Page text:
An audience of about 50 was in attendance last Monday night at Magaguadavic Place in St. George to learn about the fate of the Lower South Street Bridge at a meeting held by St. George Council. Local MLA, Andrea Anderson-Mason was there to speak and answer questions, along with senior staff members from the Department of Transportation and Infrastructure to give updates on the status of the 109 year old bridge.
Anderson-Mason said there has been a “lot of talk about the bridge”, and called it an “issue of frustration” for herself. She remembers the bridge from her childhood, and said she finds it frustrating to see it “fall into such disrepair”.
Anderson-Mason highlighted what she saw as the main issues surrounding the bridge and it’s reconstruction. First, it is a safety concern. The second point is the appearance. Originally, the plan had been to install a steel bailey bridge, which is functional, but unattractive. This is not something that is going to attract tourism, and she said the existing bridge must be repaired rather than replaced.
“The bridge is an iconic landmark. It must be preserved,” said Anderson-Mason.
Another point Anderson-Mason discussed was infrastructure. She understands something must be done to preserve the bridge, but at the same time, it has to be affordable. Her last point was functionality. She said whether it is a walking or driving bridge, only that it is functional and safe. Obviously, residents would prefer that it be a drivable bridge.
Anderson-Mason said, “We need to come up with something safe, attractive, affordable, and meets the needs of residents.”
Initially, it was decided a replacement bridge was needed, and a single-lane bailey bridge with an attached walkway was decided upon. The contract for the new bridge was awarded by the Province on November 9, 2018, and the materials and components for the new bridge arrived the following January. Now, this bridge is not going to be utilized, and members of council and residents alike are wondering why funds were wasted on a bridge that is not going to be constructed.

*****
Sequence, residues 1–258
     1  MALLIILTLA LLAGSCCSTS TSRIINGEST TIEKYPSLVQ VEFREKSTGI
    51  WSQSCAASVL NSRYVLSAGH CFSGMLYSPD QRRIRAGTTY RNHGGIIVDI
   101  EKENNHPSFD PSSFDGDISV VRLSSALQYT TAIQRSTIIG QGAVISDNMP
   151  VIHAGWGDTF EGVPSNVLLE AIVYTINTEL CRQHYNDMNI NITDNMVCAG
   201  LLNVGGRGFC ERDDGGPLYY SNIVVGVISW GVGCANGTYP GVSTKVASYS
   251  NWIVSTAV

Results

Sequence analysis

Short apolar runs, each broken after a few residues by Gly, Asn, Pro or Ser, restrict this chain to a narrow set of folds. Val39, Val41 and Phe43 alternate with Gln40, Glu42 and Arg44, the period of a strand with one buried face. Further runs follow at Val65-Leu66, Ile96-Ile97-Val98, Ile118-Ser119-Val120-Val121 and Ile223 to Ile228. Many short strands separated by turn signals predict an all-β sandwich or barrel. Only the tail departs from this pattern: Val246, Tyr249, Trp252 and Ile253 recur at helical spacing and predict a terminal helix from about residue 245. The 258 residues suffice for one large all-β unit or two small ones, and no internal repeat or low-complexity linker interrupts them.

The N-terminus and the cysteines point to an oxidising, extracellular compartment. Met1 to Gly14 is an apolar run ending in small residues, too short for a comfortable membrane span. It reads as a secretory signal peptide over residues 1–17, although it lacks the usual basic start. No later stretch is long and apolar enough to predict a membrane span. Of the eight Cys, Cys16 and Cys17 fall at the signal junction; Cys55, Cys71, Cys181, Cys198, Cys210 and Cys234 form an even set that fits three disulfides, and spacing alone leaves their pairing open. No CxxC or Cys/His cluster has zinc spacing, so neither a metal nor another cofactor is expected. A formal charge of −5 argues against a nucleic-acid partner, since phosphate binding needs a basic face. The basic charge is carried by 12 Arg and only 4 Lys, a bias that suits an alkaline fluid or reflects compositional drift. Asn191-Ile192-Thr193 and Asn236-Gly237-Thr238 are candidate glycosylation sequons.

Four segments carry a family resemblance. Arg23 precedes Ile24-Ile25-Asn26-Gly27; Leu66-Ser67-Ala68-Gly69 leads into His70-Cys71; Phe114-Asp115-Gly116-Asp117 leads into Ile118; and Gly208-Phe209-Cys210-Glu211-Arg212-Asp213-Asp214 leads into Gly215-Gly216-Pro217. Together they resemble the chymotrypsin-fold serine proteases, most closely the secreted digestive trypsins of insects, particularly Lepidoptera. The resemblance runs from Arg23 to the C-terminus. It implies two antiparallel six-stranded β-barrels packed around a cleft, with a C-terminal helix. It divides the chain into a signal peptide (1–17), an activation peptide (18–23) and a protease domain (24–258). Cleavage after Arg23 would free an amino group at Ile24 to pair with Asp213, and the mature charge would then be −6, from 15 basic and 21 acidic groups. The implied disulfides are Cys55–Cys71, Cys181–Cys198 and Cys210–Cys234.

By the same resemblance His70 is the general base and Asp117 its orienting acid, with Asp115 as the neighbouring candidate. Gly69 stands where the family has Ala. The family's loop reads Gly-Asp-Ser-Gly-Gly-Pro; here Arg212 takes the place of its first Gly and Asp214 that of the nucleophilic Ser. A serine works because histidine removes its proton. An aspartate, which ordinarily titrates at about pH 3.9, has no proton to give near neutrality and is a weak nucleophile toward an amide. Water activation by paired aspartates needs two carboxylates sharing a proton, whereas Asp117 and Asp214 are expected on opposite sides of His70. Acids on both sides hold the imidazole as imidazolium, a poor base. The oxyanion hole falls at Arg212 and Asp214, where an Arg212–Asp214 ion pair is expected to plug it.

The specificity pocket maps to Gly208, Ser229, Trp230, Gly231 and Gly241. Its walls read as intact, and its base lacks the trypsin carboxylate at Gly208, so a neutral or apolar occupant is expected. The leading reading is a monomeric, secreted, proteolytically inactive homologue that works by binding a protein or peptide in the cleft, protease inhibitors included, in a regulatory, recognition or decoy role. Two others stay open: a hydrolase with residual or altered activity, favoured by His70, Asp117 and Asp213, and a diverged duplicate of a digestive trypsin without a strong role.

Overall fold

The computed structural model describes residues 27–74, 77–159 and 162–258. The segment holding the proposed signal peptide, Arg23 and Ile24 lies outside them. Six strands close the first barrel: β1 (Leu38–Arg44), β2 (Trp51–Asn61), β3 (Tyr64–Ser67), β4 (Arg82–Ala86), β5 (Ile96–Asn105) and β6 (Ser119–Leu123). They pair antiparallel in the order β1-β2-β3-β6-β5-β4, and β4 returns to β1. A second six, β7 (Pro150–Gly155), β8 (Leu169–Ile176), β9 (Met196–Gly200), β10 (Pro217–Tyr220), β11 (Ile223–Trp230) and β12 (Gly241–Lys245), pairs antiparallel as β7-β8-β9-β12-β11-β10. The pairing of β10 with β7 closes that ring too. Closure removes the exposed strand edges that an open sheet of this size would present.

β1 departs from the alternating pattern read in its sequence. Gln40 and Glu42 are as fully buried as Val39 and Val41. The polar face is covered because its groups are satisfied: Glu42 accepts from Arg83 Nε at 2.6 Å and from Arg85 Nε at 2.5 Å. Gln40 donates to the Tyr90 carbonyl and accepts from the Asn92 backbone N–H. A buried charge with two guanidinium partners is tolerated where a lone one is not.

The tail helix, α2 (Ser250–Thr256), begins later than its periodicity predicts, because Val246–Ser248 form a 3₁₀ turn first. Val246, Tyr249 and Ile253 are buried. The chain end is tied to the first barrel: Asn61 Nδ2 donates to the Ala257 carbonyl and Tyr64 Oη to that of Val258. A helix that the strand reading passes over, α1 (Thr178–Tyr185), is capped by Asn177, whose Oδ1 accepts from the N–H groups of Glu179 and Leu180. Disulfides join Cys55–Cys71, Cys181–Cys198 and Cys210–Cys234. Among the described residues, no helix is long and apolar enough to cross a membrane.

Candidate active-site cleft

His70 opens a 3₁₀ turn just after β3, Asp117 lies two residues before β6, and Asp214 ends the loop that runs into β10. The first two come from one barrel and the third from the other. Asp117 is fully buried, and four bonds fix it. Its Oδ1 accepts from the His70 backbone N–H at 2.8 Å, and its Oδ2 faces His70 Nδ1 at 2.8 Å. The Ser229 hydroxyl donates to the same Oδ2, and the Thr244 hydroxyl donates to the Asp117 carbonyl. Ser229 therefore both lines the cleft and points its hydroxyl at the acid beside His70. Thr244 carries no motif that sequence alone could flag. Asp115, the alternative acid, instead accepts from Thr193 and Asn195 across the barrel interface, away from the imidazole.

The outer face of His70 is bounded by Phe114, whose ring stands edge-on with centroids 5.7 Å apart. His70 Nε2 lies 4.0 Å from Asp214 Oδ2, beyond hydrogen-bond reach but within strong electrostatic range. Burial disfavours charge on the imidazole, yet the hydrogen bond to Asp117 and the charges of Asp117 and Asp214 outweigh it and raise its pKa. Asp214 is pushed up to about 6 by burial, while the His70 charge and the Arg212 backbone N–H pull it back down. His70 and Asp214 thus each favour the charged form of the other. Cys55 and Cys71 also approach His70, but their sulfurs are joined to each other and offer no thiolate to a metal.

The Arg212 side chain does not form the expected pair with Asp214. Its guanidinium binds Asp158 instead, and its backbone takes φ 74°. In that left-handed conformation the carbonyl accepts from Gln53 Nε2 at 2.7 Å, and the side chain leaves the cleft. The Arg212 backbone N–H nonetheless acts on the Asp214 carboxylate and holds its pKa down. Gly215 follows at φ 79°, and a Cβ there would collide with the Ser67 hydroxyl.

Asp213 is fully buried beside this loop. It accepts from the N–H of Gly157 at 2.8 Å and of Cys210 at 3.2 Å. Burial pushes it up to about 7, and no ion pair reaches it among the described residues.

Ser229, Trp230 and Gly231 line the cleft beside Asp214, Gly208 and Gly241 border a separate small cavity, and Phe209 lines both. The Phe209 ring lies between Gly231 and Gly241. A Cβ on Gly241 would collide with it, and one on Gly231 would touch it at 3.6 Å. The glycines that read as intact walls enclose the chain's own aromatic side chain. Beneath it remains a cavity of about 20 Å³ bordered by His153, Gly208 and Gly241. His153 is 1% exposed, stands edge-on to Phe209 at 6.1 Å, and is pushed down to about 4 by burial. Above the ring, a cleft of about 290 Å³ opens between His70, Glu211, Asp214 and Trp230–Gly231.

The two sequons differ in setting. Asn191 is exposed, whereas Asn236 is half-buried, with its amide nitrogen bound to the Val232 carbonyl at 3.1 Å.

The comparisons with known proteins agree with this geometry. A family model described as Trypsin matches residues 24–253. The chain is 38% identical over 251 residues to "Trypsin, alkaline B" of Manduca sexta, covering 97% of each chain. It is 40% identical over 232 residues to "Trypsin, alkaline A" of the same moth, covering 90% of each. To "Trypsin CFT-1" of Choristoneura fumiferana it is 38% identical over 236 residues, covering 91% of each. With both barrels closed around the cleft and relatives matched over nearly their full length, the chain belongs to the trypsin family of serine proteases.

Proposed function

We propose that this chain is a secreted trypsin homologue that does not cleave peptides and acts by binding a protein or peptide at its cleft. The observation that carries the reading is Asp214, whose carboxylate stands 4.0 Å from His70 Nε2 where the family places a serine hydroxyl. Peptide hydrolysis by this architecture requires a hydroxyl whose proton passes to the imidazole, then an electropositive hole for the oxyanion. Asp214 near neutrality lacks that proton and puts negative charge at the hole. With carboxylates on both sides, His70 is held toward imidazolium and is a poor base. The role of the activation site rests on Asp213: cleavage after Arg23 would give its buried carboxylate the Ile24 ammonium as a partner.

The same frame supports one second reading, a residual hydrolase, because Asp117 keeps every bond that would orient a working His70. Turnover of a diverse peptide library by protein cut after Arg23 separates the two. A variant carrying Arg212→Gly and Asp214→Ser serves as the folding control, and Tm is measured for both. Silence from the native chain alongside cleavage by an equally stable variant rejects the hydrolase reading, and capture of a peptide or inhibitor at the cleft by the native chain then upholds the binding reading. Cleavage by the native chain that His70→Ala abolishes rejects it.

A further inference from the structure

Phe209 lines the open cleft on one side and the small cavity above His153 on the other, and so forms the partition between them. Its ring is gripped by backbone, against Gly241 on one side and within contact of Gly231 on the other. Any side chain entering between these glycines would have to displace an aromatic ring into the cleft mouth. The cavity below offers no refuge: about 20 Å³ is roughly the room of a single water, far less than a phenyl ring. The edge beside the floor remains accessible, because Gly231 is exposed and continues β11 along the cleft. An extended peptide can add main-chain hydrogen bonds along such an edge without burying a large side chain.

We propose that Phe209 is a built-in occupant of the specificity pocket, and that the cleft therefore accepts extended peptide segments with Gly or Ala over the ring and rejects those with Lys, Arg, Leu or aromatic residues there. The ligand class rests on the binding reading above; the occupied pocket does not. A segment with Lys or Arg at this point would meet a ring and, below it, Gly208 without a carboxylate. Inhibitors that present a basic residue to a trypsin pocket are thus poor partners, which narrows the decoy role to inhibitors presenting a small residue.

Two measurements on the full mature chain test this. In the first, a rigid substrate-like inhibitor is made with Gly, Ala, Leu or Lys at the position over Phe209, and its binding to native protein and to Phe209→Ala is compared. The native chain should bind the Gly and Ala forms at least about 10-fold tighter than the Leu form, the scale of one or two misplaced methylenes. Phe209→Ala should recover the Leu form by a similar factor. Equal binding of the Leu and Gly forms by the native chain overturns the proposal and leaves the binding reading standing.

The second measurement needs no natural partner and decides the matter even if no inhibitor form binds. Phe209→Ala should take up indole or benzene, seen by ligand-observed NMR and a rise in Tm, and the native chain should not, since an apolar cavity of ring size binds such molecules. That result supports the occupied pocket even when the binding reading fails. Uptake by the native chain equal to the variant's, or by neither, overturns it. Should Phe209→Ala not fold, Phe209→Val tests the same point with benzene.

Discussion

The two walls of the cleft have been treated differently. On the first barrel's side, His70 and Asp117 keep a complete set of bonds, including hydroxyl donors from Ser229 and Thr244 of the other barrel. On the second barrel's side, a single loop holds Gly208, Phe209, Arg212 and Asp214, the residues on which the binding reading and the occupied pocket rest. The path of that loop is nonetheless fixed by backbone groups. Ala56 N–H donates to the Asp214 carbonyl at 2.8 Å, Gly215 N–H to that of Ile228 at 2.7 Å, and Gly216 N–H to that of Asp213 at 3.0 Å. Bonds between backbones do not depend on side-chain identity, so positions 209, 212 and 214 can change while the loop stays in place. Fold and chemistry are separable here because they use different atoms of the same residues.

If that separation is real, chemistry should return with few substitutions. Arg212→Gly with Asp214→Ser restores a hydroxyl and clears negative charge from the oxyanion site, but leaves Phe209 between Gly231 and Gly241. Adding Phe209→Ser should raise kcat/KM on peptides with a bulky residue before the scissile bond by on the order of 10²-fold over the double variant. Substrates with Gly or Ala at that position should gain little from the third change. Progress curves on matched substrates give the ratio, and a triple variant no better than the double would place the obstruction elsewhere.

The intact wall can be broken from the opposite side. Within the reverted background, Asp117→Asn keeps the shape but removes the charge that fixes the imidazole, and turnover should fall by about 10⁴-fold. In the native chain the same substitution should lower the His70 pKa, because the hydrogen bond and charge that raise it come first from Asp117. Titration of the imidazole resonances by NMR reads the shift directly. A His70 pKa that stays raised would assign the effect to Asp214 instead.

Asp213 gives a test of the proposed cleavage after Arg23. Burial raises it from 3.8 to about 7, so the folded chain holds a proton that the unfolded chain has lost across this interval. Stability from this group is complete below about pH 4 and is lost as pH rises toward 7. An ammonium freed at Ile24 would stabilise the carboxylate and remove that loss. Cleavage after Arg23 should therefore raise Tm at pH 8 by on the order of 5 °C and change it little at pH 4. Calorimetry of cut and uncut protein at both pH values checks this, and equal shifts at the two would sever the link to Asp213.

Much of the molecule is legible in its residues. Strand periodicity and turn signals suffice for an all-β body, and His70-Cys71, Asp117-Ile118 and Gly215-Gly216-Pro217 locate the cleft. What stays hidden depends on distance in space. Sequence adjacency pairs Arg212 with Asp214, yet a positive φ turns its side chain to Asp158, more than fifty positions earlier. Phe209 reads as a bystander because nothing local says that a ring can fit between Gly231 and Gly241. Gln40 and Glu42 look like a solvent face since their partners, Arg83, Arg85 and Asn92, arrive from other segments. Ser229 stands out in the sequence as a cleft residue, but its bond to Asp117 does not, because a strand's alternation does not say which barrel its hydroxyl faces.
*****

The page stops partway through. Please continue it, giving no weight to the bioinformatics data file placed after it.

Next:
“This is disappointing,” said Mayor Crystal Cook in a press release. “A replacement bridge was purchased by the Province and project timelines were set. Now the Province is planning to simply repair a century old steel bridge and do some minor painting.”
Cook also wonders why, if the bridge is safe and functional, these conversations started in the first place.
“I feel we have just wasted time, years of meetings, to end up where we started,” said Cook.
Serge Gagnon, Executive Director of Engineering for the DTI was on hand to tell council and residents about the new plan to repair the existing bridge rather than install the steel Bailey bridge. He said even though the new bridge was purchased, it is still going to be less expensive to repair the old bridge. The installation of a new bridge would be more expensive than repairs and upkeep, even with what has already been spent. He also said a bailey bridge is unattractive, and not conducive to tourism. The replacement project had been in the budget, but Gagnon said, “From a fiscal reality, this (repairs) is the best option.
“A bailey bridge is functional, but not aesthetically pleasing,” he said, adding the department looked at several different options. “We looked at a pedestrian only bridge. Then we looked at a modular bridge with a pedestrian option.”
Many residents in attendance were angry so much money has been spent on a bridge that is not going to be used. They also asked if a long-term strategy for the upkeep of the bridge was in place, as well as whether or not it will be a single or double lane. One of the biggest concerns is safety, and many residents, along with Anderson-Mason, said too many people speed through the area. Many feel that a single lane bridge is the best option, because it will force drivers to slow down.
Another concern is weight restriction. At the moment, emergency vehicles cannot cross the bridge because of the weight restriction. One resident said the bailey bridge may not look as nice, but it would allow for emergency vehicles. The repairs are not going to change the weight restrictions already in place, allowing for a maximum weight of 12 tons and a maximum height of 3.4 meters.
Gagnon said they chose to repair the existing bridge because it is “unique to the province”. The plan for the bridge is to repair it for safety, replace the sidewalk, replace the bridge deck, and repaint. He hopes to tender in the summer so the work can get underway in the fall. When asked how long the repairs would last, Gagnon said about 10 years. This is another issue with residents and council, and they worry about additional expenses in the future. Gagnon said this is not something they should worry about.
“There is always a bit of a risk,” said Gagnon. “We wouldn’t recommend repairs if it wasn’t viable.”
Once the bridge repairs begin in the fall, members of town council say they will “continue to monitor developments specific to municipal services”, which include water and sewage that are attached under the bridge, and interruptions and changes to traffic.
The Province of New Brunswick is paying the full cost for the bridge repairs, with no cost to the Town of St. George and its residents. There were concerns about the work staying local, and residents were assured that the tender will stay in New Brunswick.